The first parliament was summoned in 1264.

Part of the problem is that “democracy” can mean different things in different countries.

The North Koreans call themselves “The Democratic Peoples Republic” of Korea but they are neither democratic nor a republic.

When I googled the word “democracy,” this is the definition it came up with.   Democracy is “a system of government by the whole population or all the eligible members of a state, typically through elected representatives.”   “All the eligible members of a state” does not necessarily mean that every person has the vote.

Today, in the year 2015, we in the West think of a democracy as a country where every adult has the vote.   But this has not always been the case.   It wasn’t in ancient Greece, the birthplace of democracy, where women and slaves were not allowed to vote.   A universal franchise, where everyone has the vote, is a fairly recent thing.   It did not exist in the United States until at least 1964 when the Voting Rights Act guaranteed the right of all adults to vote.   Even then, there were some who missed out until more recently.   In England, women got the vote in 1918, but they had to be 30, whereas men could vote at 21.   Ten years later, the law was changed to make women fully equal with men.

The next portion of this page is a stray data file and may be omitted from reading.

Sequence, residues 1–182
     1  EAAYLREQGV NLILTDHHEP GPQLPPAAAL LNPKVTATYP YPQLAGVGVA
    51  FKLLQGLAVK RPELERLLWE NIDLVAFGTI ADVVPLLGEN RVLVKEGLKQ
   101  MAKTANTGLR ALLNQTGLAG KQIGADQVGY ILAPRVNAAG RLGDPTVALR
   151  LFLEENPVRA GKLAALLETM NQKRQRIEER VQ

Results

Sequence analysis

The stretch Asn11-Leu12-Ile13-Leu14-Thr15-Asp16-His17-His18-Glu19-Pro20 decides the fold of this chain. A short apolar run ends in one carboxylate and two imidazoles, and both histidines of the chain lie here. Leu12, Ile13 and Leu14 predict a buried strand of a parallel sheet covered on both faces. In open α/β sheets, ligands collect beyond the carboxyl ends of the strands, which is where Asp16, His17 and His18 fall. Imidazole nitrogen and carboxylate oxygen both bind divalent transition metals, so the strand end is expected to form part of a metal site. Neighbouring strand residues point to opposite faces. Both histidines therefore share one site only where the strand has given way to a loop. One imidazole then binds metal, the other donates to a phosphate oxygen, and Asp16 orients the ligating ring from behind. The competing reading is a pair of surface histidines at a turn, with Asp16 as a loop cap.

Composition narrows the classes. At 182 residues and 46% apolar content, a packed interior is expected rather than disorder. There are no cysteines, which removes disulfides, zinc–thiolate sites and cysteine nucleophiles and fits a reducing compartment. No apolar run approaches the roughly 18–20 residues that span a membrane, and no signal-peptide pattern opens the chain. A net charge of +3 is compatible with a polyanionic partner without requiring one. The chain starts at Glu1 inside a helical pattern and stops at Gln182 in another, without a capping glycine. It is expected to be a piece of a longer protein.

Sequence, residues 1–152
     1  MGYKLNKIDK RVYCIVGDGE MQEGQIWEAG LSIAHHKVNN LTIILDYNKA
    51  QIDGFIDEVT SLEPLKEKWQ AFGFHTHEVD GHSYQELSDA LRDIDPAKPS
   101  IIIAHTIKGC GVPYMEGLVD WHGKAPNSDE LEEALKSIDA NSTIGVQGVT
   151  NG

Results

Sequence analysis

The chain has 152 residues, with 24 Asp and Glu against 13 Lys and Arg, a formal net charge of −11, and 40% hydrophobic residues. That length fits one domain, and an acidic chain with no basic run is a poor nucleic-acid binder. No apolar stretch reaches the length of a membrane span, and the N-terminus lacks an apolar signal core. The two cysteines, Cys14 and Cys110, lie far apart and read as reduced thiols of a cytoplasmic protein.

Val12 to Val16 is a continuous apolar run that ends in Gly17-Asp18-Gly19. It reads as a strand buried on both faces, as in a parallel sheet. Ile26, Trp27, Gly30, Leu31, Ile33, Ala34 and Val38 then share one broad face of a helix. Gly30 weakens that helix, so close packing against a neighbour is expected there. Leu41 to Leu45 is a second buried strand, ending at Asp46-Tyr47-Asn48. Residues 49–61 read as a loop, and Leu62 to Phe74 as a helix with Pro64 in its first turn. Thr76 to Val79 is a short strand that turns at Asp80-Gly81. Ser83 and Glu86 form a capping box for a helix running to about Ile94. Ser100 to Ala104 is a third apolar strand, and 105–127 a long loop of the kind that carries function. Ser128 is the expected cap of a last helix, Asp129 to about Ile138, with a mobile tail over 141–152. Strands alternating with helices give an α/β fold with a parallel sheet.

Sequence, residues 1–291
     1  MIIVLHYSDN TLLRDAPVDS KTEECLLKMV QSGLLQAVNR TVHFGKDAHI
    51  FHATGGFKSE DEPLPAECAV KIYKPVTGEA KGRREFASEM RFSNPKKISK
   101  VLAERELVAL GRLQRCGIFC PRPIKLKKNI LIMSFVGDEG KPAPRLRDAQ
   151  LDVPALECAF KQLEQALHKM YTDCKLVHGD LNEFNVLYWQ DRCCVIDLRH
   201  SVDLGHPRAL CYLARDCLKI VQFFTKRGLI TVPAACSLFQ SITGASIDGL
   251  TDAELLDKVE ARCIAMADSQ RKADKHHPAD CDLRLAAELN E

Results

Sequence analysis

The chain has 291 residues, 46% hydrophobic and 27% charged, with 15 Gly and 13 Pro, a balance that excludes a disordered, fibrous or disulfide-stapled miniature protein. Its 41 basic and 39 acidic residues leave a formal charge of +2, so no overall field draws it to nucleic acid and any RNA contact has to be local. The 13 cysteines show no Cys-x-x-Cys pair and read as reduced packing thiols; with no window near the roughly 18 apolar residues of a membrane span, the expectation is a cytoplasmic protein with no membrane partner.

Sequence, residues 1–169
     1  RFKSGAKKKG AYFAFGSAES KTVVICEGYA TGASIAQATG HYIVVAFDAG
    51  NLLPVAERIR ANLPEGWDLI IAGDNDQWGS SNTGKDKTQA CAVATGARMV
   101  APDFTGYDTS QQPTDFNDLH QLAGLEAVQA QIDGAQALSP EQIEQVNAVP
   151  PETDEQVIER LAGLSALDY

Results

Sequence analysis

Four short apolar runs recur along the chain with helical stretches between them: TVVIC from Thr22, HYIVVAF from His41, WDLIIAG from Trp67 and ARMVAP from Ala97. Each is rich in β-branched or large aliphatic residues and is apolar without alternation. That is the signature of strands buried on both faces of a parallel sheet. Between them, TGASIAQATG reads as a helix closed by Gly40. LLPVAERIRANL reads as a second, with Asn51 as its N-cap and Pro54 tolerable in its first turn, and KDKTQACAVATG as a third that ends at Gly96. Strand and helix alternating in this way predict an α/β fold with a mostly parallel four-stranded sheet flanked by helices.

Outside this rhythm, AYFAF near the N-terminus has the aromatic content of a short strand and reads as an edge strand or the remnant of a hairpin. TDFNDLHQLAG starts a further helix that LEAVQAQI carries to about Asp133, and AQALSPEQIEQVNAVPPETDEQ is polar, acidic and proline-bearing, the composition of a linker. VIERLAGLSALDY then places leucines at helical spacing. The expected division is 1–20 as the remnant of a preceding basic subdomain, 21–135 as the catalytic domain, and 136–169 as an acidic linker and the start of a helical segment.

Forty years ago, we lived in Rhodesia, which had a qualified franchise, similar to what the United States had in its infancy.   Actually, Rhodesia was more generous as women had the vote equally with men, something America didn’t have until 1920.   Rhodesia had five qualifications for voting.   Diane and I did not meet all five, whereas many Africans we knew did.   Once everybody got the vote, a dictatorship came to power and has remained there for 35 years.   Rhodesia was far more democratic than its successor state.

Anyway, forget England and America.   Iceland, the Faroe Islands, and the Isle of Man all have a parliamentary system that goes back to the ninth or tenth centuries.

There is no basis for claiming the US is the world’s oldest democracy. But what would you expect from a bunch of lawyers in Congress? After all, they are wrong on most things!